May 29, 2019 (LifeSiteNews) – In his recent marathon interview with a Mexican journalist, Pope Francis said “relations with China are good, very good” and that two Chinese bishops – one Vatican-appointed from the “underground” Church and one appointed by the Communist government – with whom he recently met “know that they must be good patriots.”
For decades, the Catholic Church in China largely existed underground. It faces persecution from Communist authorities. Pope Francis’ controversial deal with China allows the government to nominate clerics from its state-run “church,” the Chinese Patriotic Catholic Association, for the Vatican to make bishops.
The bishops and priests in the “underground” Catholic Church are validly ordained.
Cardinal Joseph Zen of Hong Kong has repeatedly spoken out about the Vatican-China deal, decrying it as a betrayal of the Catholic faithful in that country.
“My dream is China. I love the Chinese very much,” Pope Francis told Mexican journalist Valentina Alazraki. Catholic News Agency (CNA) translated his remarks. “Relations with China are good, very good.”
“The other day two Chinese bishops came to me, one who came from the underground church and the other from the patriotic church, already recognized as brothers,” the pontiff said. “They came here to visit us. This is an important step. They know that they must be good patriots and that they must take care of the Catholic flock.”
CNA’s report continued:
When asked if some Catholics “felt sidelined” by the Sino-Vatican agreement signed in September 2018, the pope responded, “Catholics in general no. Catholics are happy to be united now.”
“In fact Easter was celebrated all together, all together and in all the churches. There were no problems this year,” he said.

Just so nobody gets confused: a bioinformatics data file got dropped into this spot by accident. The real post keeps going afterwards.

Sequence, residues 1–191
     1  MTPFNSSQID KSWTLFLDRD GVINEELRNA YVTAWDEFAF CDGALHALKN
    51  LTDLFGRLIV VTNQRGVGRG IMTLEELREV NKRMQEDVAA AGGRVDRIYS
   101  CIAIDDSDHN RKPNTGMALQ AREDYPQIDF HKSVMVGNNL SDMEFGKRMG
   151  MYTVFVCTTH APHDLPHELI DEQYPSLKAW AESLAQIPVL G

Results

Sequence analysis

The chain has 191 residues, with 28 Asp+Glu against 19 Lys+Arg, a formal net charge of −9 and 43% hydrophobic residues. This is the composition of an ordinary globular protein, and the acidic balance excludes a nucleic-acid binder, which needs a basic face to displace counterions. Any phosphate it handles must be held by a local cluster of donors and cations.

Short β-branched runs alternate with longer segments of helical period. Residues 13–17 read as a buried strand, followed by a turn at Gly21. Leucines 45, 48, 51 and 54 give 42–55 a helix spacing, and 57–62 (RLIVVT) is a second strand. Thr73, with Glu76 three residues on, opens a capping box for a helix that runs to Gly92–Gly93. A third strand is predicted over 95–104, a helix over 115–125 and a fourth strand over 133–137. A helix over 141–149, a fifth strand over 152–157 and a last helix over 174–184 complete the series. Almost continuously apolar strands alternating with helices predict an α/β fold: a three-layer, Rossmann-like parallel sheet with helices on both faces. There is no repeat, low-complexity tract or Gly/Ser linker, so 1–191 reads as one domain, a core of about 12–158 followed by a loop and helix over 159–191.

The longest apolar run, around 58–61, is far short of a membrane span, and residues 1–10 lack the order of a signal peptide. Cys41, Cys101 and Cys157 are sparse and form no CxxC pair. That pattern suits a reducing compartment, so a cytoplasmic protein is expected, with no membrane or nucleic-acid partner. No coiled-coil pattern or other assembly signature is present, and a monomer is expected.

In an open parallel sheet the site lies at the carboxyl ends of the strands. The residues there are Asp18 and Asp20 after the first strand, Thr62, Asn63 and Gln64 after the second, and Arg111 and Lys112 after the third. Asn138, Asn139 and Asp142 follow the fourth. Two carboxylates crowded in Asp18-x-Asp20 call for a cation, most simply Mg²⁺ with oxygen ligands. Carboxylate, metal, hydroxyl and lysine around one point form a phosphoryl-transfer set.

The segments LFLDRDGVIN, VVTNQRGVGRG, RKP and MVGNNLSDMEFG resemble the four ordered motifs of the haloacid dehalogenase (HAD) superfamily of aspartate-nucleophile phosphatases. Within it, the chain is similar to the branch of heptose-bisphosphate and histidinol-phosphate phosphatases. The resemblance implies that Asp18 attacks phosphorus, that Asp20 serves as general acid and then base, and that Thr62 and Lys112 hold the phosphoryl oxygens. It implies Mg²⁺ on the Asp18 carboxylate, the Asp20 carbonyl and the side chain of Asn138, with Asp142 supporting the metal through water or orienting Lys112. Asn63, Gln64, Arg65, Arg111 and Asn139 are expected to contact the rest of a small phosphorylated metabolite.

Chinese government officials detained Father Peter Zhang Guangjun, an underground priest of the diocese of Xuanhua, after Palm Sunday Mass on April 14. Guanjun was one of three priests held in detention by authorities in China in April 2019.
Pope Francis also told Alazraki that he takes accusations of heresy “with a sense of humor.”
“I also pray for them because they are wrong and poor people, some are manipulated,” he said. “And who are those who signed…?”
That question was an apparent reference to a recent open letter accusing the pontiff of heresy. The letter was issued as “a last resort to respond to the accumulating harm caused by Pope Francis’s words and actions over several years, which have given rise to one of the worst crises in the history of the Catholic Church,” according to its signers. One of the original signers was Father Aidan Nichols, one of the most respected theologians in the English-speaking world.
Another signer, Dr. John Rist, told LifeSiteNews that he is now barred from all Pontifical Universities.
There have been numerous other efforts calling out Pope Francis for seemingly contradicting Catholic teaching on adultery, the sacraments, hell, the death penalty, and other significant topics. These include a letter from 45 academics asking the pontiff to correct errors in Amoris Laetitia and a “Filial Correction” accusing him of spreading seven heresies, at least by omission, about “marriage, the moral life, and the reception of the sacraments.”
The dubia of four cardinals asking Pope Francis to formally clarify whether Amoris Laetitia contradicts Catholic morality have been unanswered since the pontiff received it in September 2016. They have gone unanswered for 982 days. Two of the cardinals who submitted it to the Pope are now dead.
During the same interview with Alazraki, Pope Francis compared President Donald Trump’s proposed border wall to the Berlin Wall that separated communist East Germany from freedom in the west. He also said he was “angry” over media reports that he suggested that parents should consult a “psychiatrist” for counseling children with same-sex attraction and that if Christians “were to convince” themselves that homosexuals and those in “irregular” relationships are “children of God, things would change a lot.”